German doctors say tests indicate Kremlin critic Navalny was poisoned

German doctors say tests indicate Kremlin critic Navalny was poisoned
German doctors say tests indicate Kremlin critic Navalny was poisoned

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Jeddah - Yasmine El Tohamy - Campaigners win fight to have Italian-Somali WWII resistance fighter’s name honored

ROME: Councilors in Rome have voted to name a metro station after an Italian-Somali member of the Italian resistance who was killed by withdrawing Nazi troops at the end of World War II.

Giorgio Marincola was aged just 21 when he died on May 4, 1945, two days after Germany had officially surrendered in Italy.

Rome had never forgotten his sacrifice and now, following a campaign by activists, the city council has voted to rename the future station in the Italian capital after the brave Marincola.

The station was originally to be called Amba Aradam-Ipponio in reference to an Italian campaign fought in Ethiopia in 1936 but the council almost unanimously voted in favor of the name change. Only four members of the rightist Fratelli d’Italia party went against the motion.

Mayor of Rome Virginia Raggi said the decision “means a lot to Rome and its history, honors a partisan who came from so far away and fought for our freedom, and condemns the Italian colonialist past.”

The motion was promoted through an online petition launched by journalist Massimiliano Coccia and writer Roberto Saviano, the author of “Gomorrah.”

The campaign to name the station after Marincola, who was known as the Partigiano nero (the Black partisan) and was an active member of the resistance against the Nazis and Fascists, came in the wake of the Black Lives Matter (BLM) protests around the world following the killing of African American George Floyd by US police.

Coccia received strong support from BLM activists, other journalists, Italian-Somali writer Igiabo Scego, and Marincola’s nephew, Antar Marincola.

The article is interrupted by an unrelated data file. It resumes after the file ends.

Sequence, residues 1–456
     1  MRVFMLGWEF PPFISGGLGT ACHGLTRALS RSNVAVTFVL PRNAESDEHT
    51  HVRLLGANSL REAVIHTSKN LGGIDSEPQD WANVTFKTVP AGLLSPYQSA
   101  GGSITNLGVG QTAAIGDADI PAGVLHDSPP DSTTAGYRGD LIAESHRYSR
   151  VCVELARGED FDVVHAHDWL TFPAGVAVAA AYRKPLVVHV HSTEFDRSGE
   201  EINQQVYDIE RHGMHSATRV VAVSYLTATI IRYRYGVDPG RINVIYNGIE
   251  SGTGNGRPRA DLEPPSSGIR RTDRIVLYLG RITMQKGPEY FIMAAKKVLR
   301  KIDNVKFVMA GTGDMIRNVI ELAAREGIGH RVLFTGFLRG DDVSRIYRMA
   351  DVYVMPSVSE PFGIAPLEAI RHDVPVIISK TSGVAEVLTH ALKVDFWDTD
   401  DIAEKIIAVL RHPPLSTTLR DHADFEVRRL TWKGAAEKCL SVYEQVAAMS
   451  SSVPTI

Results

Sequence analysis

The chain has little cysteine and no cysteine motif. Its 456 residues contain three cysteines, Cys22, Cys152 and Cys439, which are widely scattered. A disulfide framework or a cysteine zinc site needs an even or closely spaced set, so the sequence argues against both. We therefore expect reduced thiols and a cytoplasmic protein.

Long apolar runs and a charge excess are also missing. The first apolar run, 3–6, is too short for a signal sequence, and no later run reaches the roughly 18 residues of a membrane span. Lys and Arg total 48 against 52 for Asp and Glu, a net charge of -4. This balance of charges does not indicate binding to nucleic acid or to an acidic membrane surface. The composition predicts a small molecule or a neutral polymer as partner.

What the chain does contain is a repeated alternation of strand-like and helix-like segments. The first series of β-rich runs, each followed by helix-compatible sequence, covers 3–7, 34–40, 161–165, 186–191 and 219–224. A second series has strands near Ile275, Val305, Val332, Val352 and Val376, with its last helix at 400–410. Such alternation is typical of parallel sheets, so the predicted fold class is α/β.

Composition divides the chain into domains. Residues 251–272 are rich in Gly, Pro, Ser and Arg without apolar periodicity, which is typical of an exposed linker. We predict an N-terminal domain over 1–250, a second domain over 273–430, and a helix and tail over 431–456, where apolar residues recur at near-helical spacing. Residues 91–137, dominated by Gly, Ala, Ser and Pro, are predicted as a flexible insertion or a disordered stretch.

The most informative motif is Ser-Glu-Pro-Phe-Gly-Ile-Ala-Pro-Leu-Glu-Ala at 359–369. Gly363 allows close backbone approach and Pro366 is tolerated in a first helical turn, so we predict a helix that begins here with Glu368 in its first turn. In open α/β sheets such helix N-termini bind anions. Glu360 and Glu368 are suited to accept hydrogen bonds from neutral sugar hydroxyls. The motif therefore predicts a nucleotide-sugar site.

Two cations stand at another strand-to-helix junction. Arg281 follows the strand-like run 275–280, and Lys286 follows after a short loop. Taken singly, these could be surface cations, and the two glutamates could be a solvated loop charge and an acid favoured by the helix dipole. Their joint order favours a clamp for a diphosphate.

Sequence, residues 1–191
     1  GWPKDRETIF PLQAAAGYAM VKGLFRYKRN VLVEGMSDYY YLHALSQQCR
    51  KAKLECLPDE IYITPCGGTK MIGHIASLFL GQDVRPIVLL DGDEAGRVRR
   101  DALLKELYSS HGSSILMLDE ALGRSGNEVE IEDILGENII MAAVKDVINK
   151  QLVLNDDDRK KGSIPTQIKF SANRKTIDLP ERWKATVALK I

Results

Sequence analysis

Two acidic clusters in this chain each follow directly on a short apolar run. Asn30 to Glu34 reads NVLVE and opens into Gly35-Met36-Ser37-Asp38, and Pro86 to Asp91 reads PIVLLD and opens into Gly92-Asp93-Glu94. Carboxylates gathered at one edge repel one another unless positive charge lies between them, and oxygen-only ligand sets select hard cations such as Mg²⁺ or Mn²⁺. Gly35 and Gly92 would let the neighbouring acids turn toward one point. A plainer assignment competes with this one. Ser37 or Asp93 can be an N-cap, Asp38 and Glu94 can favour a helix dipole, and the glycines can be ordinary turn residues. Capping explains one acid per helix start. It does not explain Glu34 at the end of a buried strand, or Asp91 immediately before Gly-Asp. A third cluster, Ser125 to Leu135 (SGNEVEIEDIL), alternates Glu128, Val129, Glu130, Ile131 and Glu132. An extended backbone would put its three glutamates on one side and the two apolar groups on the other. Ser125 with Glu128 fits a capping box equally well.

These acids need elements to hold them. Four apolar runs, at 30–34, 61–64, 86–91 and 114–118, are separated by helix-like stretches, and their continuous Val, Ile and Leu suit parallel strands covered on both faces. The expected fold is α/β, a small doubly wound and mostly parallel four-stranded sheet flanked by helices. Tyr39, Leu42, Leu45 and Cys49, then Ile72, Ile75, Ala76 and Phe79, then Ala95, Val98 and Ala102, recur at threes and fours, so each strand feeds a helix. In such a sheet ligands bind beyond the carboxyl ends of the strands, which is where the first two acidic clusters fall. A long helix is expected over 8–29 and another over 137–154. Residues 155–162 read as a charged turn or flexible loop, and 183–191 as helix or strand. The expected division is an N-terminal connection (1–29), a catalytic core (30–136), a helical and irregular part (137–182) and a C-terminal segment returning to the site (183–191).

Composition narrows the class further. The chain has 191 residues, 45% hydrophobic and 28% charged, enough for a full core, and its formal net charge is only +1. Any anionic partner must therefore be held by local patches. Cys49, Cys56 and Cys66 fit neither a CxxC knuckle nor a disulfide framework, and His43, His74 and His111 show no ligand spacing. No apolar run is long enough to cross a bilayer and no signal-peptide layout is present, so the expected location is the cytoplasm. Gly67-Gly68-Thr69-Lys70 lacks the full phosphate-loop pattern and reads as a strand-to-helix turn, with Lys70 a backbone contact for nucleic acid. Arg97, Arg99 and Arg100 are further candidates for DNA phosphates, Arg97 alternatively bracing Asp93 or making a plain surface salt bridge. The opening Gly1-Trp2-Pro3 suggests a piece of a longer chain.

Activists had placed a banner at the metro site stating that the station should not be named after oppression and pushed for Marincola’s short but remarkable life to be remembered instead.

Born in 1923, Marincola was from Mahaday, a town on the Shebelle River, north of Mogadishu, in what was then known as Italian Somaliland. His mother, Ashkiro Hassan, was Somali and his father an Italian military officer dispatched there.

At the time only few Italian colonists acknowledged children born of their unions with Somali women. But Giuseppe Marincola bucked the trend and later brought his son and daughter, Isabella, to Calabria, in southern Italy, to be raised by his family.

Isabella went on to become an actress, notably appearing in “Bitter Rice,” a 1949 movie based on the Italian resistance against fascism.

Her brother was a gifted student who after high school studied medicine at Rome University where he became inspired by anti-fascist ideology.

He decided to follow his high school philosophy professor and enlist with him in the resistance in 1943 during the Nazi occupation of Italy. Marincola proved to be a brave fighter and was wounded after being parachuted into enemy territory.

When the SS, German wartime leader Adolf Hitler’s elite troops, captured him they wanted him to speak against the partisans on their radio station. On air he reportedly defied them and said: “Homeland means freedom and justice for the peoples of the world. This is why I fight the oppressors.”

The broadcast was then interrupted and sounds of a beating could be heard. Marincola was then killed in the Fiemme Valley. In 1953, he was posthumously awarded by the president of the republic of Italy the nation’s highest military honor, the Gold Medal of Military Valor, “in recognition of his efforts and the ultimate sacrifice he made.”

Coccia told Arab News: “Giorgio fought with a rifle on his shoulder for a homeland that did not recognize him as a legitimate son, and he lost his life to promote democracy in that country. This way he demonstrated that you are a citizen no matter where you were born, and that a man’s identity is not determined by the color of the skin.

“It is good that in his name we will remember the sacrifice of the Somali who fought for Italy and we will begin a process of ‘decolonizing’ the city, building an awareness about the past.”

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